Head hunters have been appointed and the recent addition of two leading businesswomen, Jutta af Rosenborg and Sophie Goldschmidt, as non-executive board members indicate changing times at the Tour.
6. Can the distance golf balls travel be reined back?
This is the biggest challenge faced by golf. The ball flies too far but the authorities are powerless. Good luck to Mr Slumbers and co with any attempts to convince manufacturers to consider making products that yield shorter shots.
7. Will we be interested in the Olympic qualifying tables?
We certainly should be. They are up and running on the International Golf Federation website, with 59 places in the men's and women's events up for grabs (plus one for the 2016 Brazilian hosts in each 60-player field).
The top 15 in the world automatically qualify provided the limit of four players per country is not exceeded. The tables are updated each week and as we head closer to the Rio Olympics, expect them to take an increasing share in the golfing narrative.
For what it is worth, Justin Rose and Jamie Donaldson would currently be the British men's competitors and Catriona Matthew and Charley Hull would be the female entries.
8. Will we see a progressive decline in the use of anchored putting methods?
This is the expected trend in 2015. By this time next year the technique will be outlawed. It means that while extended putters can still be used, they cannot be implemented with the use of a fixed anchoring point on the body like the belly or sternum.
This means a big rethink for the likes of Adam Scott, Tim Clark, Keegan Bradley and Webb Simpson. Expect some experimentation over the course of the coming season from some of the biggest names in the game.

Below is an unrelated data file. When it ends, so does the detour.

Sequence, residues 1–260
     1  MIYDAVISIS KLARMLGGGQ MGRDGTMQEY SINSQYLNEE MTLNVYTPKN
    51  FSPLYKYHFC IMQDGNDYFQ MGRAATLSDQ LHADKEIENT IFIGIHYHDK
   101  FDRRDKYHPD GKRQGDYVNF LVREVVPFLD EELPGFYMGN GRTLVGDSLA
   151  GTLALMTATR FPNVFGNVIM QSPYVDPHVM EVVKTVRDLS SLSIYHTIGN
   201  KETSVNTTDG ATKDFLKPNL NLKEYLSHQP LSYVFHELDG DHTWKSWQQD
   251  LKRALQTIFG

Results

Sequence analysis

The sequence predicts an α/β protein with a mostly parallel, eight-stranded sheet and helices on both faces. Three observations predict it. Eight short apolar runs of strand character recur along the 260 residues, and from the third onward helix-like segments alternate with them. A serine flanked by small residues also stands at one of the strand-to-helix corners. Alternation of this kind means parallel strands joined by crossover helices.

9. Will Sang-Moon Bae play a full season?
The 28-year-old lies second in the current FedEx Cup standings but may have to return from the United States to his native South Korea at the end of January to start two years' national service.
Bae is a two-time winner on the PGA Tour and has instructed lawyers to fight his case to allow him to continue his playing career uninterrupted.
10. Can a golfer win 2015 BBC Sports Personality of the Year?
Sadly, it seems an unlikely prospect given the fact McIlroy failed to land the award after such a spectacular season in 2014. His second place behind Formula 1 world champion Lewis Hamilton was a wake-up call for golf, a sign that successful play is not resonating or transcending as it should.
One leading golf administrator told me he felt the game had "let Rory down" in not creating an environment where his excellence could be fully appreciated by the wider population.
Golf needs to take a leaf from F1's book and fashion the sport to make it appeal to the widest possible audience.
That process has to begin now to take full advantage of a year that promises so much.